Once the student has selected a three-member committee for the dissertation, the student should file an Application to Candidacy (ATC) form with the Graduate School. This form is also needed for Certification of Full time Status if a student is registered less than full time in the program. If the student’s plans change, the ATC form may be revised by filing a Graduate Student Petition. Students should complete the ATC form, attach their unofficial transcript and send both documents to the PhD Secretary for processing. For more information, visit the UB Graduate School

Application Deadlines

For Degree Conferral On: Feb. 1 June 1 Sept. 1
Completed application to candidacy submitted to the divisional committee by: Sept. 1 Feb. 1 June 1
Completed and fully-signed application to candidacy received by the graduate school by: Oct. 1 March 1 July 1
All required materials received by the graduate school by: Friday before Spring classes begin Last day of Spring exams Friday before Fall classes begin
Students registered as a graduate student for the immediately preceding: Fall semester Spring semester Either Spring or Summer semester

Fourth Year

The student is expected to complete the dissertation during their fourth year. Participation in dissertation workshops is strongly encouraged. Limited amounts of dissertation funding may be available through the University Graduate Student Association. 

Students should also anticipate that considerable time may be required during this fourth year to prepare themselves and their vitae for entry into the job market.

Defense of Dissertation
This is an oral examination presenting the student's thesis work. It will be scheduled after completion but prior to final submission of the PhD dissertation. The defense of dissertation examination is open to all members of the Department of Economics. Examiners include the three members of the student’s dissertation committee.

Sample Dissertation Topics

  • Education and Women’s Life Outcomes: Empirical Investigation Based on Evidence from Taiwan
  • Decentralized provision of a local public good
  • The Role of Human Capital in Imperfectly Informed Asset Markets
  • Wage differentials based on marital status of women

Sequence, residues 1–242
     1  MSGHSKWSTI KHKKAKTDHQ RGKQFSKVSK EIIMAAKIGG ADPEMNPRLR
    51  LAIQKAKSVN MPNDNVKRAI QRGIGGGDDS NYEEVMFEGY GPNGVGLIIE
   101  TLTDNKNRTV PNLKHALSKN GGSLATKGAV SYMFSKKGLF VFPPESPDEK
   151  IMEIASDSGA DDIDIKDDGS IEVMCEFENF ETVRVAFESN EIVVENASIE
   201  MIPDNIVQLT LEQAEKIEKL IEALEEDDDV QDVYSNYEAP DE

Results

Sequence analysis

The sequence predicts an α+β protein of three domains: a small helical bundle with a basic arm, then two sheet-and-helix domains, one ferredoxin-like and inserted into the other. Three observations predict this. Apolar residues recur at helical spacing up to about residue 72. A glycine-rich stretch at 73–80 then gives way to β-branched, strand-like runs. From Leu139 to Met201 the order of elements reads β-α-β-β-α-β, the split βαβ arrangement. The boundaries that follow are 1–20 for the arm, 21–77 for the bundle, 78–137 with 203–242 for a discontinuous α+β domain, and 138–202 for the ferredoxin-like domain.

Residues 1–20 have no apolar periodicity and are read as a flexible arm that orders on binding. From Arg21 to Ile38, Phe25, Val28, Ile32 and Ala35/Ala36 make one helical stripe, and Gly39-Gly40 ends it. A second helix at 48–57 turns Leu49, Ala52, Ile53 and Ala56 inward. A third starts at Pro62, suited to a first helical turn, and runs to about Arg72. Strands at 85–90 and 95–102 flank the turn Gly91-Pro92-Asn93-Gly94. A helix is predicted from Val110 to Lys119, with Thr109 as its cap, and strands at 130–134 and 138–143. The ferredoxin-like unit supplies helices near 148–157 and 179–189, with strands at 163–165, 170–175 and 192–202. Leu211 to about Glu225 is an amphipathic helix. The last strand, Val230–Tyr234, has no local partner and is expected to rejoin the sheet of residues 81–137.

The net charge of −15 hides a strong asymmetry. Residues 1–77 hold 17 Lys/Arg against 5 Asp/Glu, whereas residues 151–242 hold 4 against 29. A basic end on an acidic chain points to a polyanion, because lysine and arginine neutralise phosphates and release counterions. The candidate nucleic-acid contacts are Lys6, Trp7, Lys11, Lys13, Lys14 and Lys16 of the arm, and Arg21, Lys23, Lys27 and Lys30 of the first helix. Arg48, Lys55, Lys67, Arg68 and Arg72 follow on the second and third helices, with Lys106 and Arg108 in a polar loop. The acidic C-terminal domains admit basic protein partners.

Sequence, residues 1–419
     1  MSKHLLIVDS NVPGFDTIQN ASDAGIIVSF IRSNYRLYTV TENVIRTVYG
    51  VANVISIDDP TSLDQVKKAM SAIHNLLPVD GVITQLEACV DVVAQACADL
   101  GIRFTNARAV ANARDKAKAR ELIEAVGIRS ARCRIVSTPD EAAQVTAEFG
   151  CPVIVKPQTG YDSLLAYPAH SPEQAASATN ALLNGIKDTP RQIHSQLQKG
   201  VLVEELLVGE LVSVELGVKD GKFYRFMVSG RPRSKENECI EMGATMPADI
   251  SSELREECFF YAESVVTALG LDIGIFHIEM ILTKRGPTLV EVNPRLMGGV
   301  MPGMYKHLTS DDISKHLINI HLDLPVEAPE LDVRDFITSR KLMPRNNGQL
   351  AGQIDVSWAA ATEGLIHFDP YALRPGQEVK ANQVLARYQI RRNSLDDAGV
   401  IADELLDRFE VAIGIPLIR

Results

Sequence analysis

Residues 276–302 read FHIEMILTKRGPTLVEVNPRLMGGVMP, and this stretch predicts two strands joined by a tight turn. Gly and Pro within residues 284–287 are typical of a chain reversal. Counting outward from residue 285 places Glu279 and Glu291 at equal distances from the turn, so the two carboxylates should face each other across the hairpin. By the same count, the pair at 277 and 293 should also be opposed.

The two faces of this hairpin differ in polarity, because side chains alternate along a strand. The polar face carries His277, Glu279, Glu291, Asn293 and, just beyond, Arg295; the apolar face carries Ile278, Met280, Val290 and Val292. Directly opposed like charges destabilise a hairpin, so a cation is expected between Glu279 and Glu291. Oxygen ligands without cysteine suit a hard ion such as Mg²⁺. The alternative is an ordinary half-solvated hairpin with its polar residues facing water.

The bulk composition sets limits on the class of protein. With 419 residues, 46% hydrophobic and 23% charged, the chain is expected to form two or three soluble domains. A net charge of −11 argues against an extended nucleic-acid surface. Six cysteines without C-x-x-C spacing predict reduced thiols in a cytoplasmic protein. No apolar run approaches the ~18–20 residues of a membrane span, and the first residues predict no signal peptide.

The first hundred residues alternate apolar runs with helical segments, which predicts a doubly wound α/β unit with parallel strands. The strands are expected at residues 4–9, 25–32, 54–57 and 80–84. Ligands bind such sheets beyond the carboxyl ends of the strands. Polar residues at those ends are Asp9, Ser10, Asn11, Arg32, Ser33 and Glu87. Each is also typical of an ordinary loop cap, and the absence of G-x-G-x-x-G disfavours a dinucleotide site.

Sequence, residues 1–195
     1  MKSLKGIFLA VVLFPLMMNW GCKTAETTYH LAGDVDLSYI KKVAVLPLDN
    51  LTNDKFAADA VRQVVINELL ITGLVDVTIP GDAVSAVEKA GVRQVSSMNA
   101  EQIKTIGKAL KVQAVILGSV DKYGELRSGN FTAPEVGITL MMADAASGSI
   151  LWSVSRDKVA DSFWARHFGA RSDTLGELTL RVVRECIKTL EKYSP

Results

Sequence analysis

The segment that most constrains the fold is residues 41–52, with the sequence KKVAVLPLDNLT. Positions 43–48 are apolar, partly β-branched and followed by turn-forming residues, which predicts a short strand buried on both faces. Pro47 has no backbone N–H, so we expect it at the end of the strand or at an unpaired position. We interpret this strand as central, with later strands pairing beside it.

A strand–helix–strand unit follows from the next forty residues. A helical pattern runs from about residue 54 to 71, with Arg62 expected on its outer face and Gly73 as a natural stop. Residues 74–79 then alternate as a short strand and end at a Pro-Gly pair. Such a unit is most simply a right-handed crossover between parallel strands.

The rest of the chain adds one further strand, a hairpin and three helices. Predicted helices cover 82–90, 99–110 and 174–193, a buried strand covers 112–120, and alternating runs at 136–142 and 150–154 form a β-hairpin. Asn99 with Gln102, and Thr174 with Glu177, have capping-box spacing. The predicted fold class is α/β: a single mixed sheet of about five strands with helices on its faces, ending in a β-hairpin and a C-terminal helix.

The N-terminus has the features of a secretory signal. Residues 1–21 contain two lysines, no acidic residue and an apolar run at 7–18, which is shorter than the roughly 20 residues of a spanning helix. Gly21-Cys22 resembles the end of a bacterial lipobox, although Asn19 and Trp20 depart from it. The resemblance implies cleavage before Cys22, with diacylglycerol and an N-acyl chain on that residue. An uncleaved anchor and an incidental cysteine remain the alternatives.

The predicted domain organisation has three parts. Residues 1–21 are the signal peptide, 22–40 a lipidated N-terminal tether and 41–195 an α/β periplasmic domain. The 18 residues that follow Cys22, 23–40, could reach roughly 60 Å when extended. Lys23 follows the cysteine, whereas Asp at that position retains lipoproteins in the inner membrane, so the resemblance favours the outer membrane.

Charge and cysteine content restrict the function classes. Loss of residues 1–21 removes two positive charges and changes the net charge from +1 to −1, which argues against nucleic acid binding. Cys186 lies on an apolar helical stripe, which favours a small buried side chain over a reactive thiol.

• Economic and Institutional Determinants of Geographical Concentration of Industries in Transition Economies: Evidence from China
  • Essays on strategic trade policies and the game structure of an international duopoly
  • Firm Size, R&D, Product and Process Innovation
  • Three essays on duopolistic competition under asymmetric cost conditions
  • The Health Care Safety Net and Health Insurance: A Theoretical and Empirical Investigation
  • Geographical pattern of industry with product life cycle
  • Intermediated Matching: Two Essays
  • Essays on the gradualist transformation of the Chinese economy: theoretical assessment
  • Intergenerational Diffusion of Innovations
  • International factor mobility and trade in the context of social policies and institutions
  • The reformed public health insurance in urban China: an economic assessment
  • Theory and policy of trade in vertically related markets with quality-differentiated products
  • Homeownership in household finance [electronic resource]
  • Optimal allocation and taxation in a free enterprise economy with stochastic influences
  • Two essays on maximum likelihood estimations of Dynamic Stochastic General Equilibrium models
  • Three studies on competition and the technological structure of the U.S. telephone industry
  • Broad-based stock options program and firm productivity
  • The evolution of product markets
  • Entrepreneurial function and its rewards
  • Essays on theoretical and empirical issues on monetary policy
  • The country and exchange risk premium with the Euro Area and the U.S. based on price parity models
  • Error component models with classical and one-sided measurement errors
  • Urban development under uncertainty: A real options approach